Emily White of the New York Times Book Review says “Regina McBride writes in a shimmering and often hypnotic prose style, one that’s full of incantatory repetition…The Nature of Water and Air has an urgent melancholy about it — it casts an undeniable spell.”

I have mixed feelings about this book. On the one hand, I thought McBride managed to capture a particular time and place (1970s Ireland) extremely well. I was intrigued by the book’s opening lines: “There are silences all around my mother’s story.” But in some intangible way, I felt that the novel failed me.

The narrator of The Nature of Water and Air is Clodagh, a sensitive, intelligent girl whose life is touched by tragedy. Clodagh and her twin sister, Mare, live with Agatha, their emotionally distant mother, and Mrs. O’Dare, their housekeeper, in a crumbling manor house. Agatha is not a traditional mother- before she “settled” she was a tinker- part of a sub-culture of people who traveled in caravans, selling bits and pieces and camping in fields. What little affection Agatha does manage to share goes to Mare, who is very ill and subsequently dies. Clodagh spends the rest of her young childhood watching her mother from behind corners and through windows.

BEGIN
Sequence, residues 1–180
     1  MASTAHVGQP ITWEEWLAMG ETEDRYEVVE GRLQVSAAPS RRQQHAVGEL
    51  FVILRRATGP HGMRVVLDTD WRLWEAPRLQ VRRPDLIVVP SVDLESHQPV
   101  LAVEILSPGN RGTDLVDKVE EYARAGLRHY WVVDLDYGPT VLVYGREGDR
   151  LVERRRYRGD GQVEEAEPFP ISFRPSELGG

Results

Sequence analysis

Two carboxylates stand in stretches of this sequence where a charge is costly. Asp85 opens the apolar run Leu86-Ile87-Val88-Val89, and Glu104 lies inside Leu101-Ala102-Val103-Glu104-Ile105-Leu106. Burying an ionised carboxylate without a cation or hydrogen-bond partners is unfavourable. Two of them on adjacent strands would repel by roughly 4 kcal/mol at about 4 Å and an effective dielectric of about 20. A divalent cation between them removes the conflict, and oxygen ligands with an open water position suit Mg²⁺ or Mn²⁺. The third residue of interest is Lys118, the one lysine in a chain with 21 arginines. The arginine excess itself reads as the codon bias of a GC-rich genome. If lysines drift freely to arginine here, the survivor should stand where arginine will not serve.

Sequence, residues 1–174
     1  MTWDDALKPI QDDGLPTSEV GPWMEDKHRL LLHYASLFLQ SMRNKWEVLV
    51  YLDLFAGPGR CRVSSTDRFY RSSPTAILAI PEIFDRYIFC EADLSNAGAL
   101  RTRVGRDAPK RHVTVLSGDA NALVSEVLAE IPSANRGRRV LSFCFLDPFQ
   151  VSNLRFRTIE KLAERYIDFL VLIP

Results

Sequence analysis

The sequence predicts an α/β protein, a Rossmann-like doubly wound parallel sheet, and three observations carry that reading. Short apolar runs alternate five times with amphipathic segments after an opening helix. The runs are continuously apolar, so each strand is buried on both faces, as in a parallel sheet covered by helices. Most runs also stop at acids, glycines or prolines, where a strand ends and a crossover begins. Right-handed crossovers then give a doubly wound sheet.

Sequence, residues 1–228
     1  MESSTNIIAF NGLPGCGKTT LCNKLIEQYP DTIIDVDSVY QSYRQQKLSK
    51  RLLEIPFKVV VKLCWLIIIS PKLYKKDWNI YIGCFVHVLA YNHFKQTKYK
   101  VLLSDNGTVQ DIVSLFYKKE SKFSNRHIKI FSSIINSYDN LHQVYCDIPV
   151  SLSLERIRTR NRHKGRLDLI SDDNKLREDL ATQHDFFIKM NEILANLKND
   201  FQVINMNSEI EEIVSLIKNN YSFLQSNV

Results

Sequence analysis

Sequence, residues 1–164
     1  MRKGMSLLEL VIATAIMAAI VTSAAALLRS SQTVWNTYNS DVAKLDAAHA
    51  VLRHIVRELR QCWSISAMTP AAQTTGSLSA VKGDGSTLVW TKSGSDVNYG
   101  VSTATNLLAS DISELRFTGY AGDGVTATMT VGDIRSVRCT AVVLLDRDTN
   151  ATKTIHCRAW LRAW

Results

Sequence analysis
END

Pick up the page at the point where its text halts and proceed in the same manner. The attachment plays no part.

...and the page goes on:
It is difficult to say much more about this book without spoiling some of its revelations.

McBride is a poet and it’s apparent in her prose. Her writing is lyrical and often quite lovely, but it also occasionally stands in the way of the narrative. While I can’t say that I loved this book, I certainly appreciated McBride’s talent. And in the end, despite some of the questions I had, I felt satisfied by the time I had spent with Clodagh.